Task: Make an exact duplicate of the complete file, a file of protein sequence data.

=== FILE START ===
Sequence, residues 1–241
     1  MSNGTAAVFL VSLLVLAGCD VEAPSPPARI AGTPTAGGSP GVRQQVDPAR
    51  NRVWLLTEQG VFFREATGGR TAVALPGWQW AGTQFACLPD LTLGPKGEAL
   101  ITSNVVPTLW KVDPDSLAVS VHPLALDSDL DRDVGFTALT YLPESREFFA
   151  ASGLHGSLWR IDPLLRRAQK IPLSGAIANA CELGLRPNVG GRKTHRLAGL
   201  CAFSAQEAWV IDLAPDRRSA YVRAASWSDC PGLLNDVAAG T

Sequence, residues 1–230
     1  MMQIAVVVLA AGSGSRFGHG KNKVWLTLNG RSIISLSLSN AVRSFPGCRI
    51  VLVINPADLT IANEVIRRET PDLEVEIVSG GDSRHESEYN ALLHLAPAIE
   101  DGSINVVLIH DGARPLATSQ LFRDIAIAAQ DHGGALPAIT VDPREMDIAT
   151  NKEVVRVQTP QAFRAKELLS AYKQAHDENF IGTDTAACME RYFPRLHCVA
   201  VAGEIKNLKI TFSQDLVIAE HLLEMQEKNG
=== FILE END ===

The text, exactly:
Sequence, residues 1–241
     1  MSNGTAAVFL VSLLVLAGCD VEAPSPPARI AGTPTAGGSP GVRQQVDPAR
    51  NRVWLLTEQG VFFREATGGR TAVALPGWQW AGTQFACLPD LTLGPKGEAL
   101  ITSNVVPTLW KVDPDSLAVS VHPLALDSDL DRDVGFTALT YLPESREFFA
   151  ASGLHGSLWR IDPLLRRAQK IPLSGAIANA CELGLRPNVG GRKTHRLAGL
   201  CAFSAQEAWV IDLAPDRRSA YVRAASWSDC PGLLNDVAAG T

Sequence, residues 1–230
     1  MMQIAVVVLA AGSGSRFGHG KNKVWLTLNG RSIISLSLSN AVRSFPGCRI
    51  VLVINPADLT IANEVIRRET PDLEVEIVSG GDSRHESEYN ALLHLAPAIE
   101  DGSINVVLIH DGARPLATSQ LFRDIAIAAQ DHGGALPAIT VDPREMDIAT
   151  NKEVVRVQTP QAFRAKELLS AYKQAHDENF IGTDTAACME RYFPRLHCVA
   201  VAGEIKNLKI TFSQDLVIAE HLLEMQEKNG